We had no idea as to motive, and that was really significant to us. We're in a unique business here. Was there somebody trying to create an NCAA violation at the core of this? Was there somebody trying to impact the outcome of football games by manipulating the emotions of a key player? Was there an extortion request coming? When you match the sort of lack of detail we still lacked until we got some help investigating it with the risk involved in some of these possible scenarios, it was clear to me that, until we knew more, we had to just continue to work to try to gather the facts.
It's in Teo's hands
The firm reported back to Swarbrick on Jan. 4 and while in Miami the next day for the upcoming BCS National Championship game, Swarbrick met with Manti's parents, Brian and Ottilia Te'o, and essentially left the situation in their hands.
“We left that meeting with an understanding that they would think about what they had heard, engaged Manti's future representation, which would be determined later in the week, in consultation as to how to best respond, and keep the university fully informed of their intentions and work in concert with us when they were ready to communicate the story,” Swarbrick explained.
According to Swarbrick, the Te'o family was prepared to tell the story next week, but the report on Deadspin.com beat them to it.
Who is behind all of this?
The report alleges that the scam's mastermind was a former California high school football player, Ronaiah Tuiasosopo, whom Te'o has a close relationship with.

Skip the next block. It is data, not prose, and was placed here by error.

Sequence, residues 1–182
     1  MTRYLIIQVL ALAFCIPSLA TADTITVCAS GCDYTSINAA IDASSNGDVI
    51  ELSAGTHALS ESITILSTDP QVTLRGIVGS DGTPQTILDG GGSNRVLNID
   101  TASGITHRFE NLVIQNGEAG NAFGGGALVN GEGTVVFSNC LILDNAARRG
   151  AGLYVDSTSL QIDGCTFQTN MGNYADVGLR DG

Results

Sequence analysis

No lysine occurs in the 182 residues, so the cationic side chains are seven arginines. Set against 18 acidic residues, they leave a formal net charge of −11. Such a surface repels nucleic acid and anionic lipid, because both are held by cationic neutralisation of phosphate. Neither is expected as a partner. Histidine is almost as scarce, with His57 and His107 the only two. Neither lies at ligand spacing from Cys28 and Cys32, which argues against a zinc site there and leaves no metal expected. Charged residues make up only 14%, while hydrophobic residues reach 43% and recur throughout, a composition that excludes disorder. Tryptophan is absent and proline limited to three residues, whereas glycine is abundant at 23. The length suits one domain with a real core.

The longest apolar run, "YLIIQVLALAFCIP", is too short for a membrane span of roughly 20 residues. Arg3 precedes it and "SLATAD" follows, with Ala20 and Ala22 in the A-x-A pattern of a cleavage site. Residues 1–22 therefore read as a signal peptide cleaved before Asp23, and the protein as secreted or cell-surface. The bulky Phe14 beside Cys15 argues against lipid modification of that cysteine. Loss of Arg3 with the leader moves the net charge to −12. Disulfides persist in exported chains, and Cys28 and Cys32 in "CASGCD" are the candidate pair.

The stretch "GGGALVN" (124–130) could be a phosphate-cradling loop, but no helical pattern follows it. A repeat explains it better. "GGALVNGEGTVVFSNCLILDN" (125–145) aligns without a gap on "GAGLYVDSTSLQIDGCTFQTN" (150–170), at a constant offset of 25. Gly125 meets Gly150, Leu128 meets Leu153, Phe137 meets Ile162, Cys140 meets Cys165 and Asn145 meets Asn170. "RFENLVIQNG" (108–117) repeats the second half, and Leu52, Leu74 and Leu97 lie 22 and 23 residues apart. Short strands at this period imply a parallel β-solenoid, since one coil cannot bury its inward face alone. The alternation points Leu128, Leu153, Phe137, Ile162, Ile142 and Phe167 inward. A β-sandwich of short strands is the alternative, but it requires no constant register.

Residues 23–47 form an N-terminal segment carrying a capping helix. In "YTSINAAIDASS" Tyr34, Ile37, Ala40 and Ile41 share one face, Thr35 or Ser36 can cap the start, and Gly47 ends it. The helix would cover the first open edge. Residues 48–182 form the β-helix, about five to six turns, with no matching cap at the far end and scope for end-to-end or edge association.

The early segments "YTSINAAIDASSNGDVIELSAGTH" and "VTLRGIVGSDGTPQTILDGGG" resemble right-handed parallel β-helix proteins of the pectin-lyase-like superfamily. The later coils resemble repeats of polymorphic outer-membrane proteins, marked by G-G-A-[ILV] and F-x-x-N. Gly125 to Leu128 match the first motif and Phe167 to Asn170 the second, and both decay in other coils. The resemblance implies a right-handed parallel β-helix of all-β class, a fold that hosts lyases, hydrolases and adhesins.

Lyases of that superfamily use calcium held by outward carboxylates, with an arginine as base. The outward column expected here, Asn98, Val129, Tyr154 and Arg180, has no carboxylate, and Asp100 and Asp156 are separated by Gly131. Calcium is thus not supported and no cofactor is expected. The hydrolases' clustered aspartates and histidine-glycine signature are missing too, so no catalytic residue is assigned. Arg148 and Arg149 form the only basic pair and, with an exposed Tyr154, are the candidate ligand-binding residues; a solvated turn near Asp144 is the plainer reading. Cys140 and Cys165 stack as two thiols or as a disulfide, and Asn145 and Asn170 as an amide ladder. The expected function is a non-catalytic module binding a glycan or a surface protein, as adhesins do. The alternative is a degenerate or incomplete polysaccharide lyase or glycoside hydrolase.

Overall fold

The report alleges that Ronaiah Tuiasosopo conned a former – and beautiful - high school classmate into sending him a photograph and he then set up various social media accounts using her likeness and the name Lennay Kekua.
The South Bend Tribune reported that Te'o met the woman following a game at Stanford, where she was a student, in November of 2011. However, Te'o's father told the newspaper that the couple had met as far back as 2009. To confuse the matter further, Te'o sent Kekua a tweet on Oct. 11, 2011 saying “nice to meet u too ma'am.”
But Swarbrick was staunch in his response that Te'o insisted that the two had an “exclusively online” relationship and had actually never met.
At the time of her death, Te'o did not travel to any funeral services because it was reported that Kekua had insisted that he continue playing and not miss any games. Swarbrick said that “given the elaborateness of this (hoax), there was a place to send flowers, and that was there was no detail of the hoax left undone in that.”
Are there legal ramifications to this?
At this point, the Te'o family is responsible for any pursuit from a legal standpoint against the perpetrators, who continued to be “persistent” in their calling of Manti through the month of December, but have since slowed in their number of contacts to the player. And Swarbrick wasn't sure what could be done about the situation anyway.
“That question had the potential to be central to how you manage this once it surfaced because a clear case of illegality would have been extortion, and one very legitimate response, I think, that Te'o might have opted for here was to let this play out and see if that came when he signed a contract or had some resources,” Swarbrick said. “They opted not to do that, but those are the sorts of things that impacted the thinking relative to timing and how you deal with this story. On its face, I'll let somebody else who's still practicing law to interpret whether anything has been done to date constitutes criminal conduct. I haven't pursued that question.”